The US agit-rock collective The Future is Pointless released their début and eponymous EP last month.
The Future is Pointless
The oppressive cloak that descends in to the room is made more gloomy by the distortion that fizzes through the speakers.
The approximately seventeen minutes of the five track EP are intriguing slabs of sound with influences of dark rock and dubstep both being evident, allowing The Future is Pointless to deliver a soundtrack, that while settling on an industrial landscape is speckled with glimpses of funk giving the material a discombobulation that suits to a tee the nature of the subject matter.
The middle number is Mother Fucker and my pick of the release.
The Future Is Pointless – EP – the future is pointless is available on iTunes.*
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Seb Olrog (Drums), Alex J (Guitar / Vocals) and Lee Switzer (Bass / Vocals) from Reading in England form the protest-rock outfit Launch Control.
Having been around for a few years, since the reveal of the single Cardiac Arrest in 2012 (available on bandcamp) Launch Control have never lost their zeal in delivering music of political fulmination wrapped in high octane pulses of rock.
As regular readers will know I am often to be found wearing a pair of 14 hole DMs as I write reviews, ready to launch in to a pogo at any opportune moment and unsurprisingly I have spent as much time colliding with desks and chairs listening to the back-catalogue of material as I have spent at the keyboard typing. For those wishing to keep their furniture intact – Launch Control are not a trio who work purely by volume and sweat on the brow as the music and lyric flow around each other with considered approach.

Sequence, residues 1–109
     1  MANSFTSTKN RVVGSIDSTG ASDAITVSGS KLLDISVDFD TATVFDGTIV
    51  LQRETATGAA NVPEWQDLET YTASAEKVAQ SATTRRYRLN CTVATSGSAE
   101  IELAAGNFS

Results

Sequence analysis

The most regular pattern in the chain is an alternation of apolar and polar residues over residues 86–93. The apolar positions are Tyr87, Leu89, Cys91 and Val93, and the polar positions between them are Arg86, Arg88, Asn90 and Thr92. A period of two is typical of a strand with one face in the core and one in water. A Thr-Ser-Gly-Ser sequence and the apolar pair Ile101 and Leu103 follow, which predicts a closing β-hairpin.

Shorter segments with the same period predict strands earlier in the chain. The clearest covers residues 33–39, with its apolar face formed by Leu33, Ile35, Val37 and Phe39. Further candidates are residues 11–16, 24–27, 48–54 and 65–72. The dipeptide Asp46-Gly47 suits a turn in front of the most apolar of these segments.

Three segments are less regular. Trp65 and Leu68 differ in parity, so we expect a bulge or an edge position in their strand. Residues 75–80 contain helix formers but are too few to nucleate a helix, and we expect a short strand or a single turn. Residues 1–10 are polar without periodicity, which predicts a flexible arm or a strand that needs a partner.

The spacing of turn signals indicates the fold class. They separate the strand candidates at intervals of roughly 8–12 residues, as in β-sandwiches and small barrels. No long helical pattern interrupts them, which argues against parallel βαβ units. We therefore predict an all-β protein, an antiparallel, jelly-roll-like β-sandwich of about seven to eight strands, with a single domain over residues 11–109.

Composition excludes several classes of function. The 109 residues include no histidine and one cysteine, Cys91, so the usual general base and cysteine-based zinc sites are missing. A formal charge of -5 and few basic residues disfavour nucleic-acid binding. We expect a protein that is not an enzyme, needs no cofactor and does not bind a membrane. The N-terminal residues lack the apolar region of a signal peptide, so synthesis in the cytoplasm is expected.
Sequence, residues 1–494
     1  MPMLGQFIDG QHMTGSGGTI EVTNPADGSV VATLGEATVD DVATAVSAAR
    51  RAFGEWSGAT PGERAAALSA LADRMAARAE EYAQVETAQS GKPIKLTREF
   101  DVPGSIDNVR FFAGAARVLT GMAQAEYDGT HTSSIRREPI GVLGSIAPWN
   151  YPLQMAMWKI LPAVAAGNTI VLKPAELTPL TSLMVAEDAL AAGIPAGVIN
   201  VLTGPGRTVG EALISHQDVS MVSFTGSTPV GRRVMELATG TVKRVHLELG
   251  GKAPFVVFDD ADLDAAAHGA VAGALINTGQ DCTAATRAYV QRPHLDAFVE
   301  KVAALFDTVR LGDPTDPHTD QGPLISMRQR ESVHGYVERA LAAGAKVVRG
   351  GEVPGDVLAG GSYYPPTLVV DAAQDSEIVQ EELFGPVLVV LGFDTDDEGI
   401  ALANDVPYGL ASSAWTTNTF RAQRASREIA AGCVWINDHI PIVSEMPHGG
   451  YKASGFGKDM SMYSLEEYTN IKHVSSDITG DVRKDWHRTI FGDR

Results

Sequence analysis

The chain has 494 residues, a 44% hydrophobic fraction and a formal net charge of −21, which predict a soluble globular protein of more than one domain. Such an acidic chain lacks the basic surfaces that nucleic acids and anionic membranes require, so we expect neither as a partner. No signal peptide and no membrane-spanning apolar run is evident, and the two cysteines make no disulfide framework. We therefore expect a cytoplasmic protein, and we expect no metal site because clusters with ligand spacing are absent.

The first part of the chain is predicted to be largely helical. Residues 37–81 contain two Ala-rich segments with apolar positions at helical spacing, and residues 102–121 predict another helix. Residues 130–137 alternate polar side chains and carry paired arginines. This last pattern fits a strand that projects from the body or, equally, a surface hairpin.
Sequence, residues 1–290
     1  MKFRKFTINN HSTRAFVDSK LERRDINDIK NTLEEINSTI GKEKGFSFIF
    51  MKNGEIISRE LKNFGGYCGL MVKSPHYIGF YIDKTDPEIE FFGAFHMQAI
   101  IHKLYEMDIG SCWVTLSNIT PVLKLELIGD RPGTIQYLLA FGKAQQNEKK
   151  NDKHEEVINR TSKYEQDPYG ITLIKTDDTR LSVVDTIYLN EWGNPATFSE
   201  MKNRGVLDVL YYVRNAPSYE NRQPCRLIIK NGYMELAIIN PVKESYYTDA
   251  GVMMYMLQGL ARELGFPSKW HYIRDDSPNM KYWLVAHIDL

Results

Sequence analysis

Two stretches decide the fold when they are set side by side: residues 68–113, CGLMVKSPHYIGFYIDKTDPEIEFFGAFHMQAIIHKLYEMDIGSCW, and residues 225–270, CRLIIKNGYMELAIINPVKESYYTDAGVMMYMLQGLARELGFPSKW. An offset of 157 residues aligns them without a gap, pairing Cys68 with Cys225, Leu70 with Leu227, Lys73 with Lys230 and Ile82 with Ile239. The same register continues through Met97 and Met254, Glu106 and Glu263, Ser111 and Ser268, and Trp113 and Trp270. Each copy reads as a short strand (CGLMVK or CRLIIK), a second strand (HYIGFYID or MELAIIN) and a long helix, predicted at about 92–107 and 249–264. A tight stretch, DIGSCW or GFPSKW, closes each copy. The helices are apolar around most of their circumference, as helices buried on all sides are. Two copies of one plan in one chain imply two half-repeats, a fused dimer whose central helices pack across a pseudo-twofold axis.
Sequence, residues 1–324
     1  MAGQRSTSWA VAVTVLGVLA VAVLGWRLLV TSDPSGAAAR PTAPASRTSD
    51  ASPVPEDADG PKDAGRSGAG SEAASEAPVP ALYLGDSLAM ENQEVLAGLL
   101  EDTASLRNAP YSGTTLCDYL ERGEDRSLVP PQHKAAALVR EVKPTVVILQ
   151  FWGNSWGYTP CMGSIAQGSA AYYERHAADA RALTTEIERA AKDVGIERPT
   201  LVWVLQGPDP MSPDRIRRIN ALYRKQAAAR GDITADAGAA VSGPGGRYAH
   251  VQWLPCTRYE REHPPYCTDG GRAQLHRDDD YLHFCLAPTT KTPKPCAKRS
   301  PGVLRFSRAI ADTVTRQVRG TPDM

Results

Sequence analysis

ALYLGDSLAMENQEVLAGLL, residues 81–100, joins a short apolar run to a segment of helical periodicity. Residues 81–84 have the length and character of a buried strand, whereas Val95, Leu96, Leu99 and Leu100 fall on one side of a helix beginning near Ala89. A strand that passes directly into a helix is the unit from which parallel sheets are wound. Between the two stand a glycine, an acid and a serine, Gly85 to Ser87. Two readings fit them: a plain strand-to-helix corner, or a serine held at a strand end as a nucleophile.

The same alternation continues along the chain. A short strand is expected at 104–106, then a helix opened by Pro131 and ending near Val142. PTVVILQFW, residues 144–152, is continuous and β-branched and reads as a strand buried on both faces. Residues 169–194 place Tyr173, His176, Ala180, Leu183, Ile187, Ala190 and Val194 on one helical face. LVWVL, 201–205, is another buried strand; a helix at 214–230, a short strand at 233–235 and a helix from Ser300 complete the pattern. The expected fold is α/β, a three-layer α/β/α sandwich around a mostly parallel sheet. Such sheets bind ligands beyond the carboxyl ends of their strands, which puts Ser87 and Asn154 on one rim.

The percussion sets the mood for the pieces, whilst guitar delivers the compression while the bass is given the space to flow betwixt the two as vocal, rather than raging, delivers considered enunciation, the totality of which is a series of songs which allow the audience either to hoick up the speakers or leave them on level playing field and in either setting Launch Control are able to deliver compositions which clearly assimilates the context of their framing.
From their most recent release Behind Redacted Lines (also available on bandcamp) Moving Targets.
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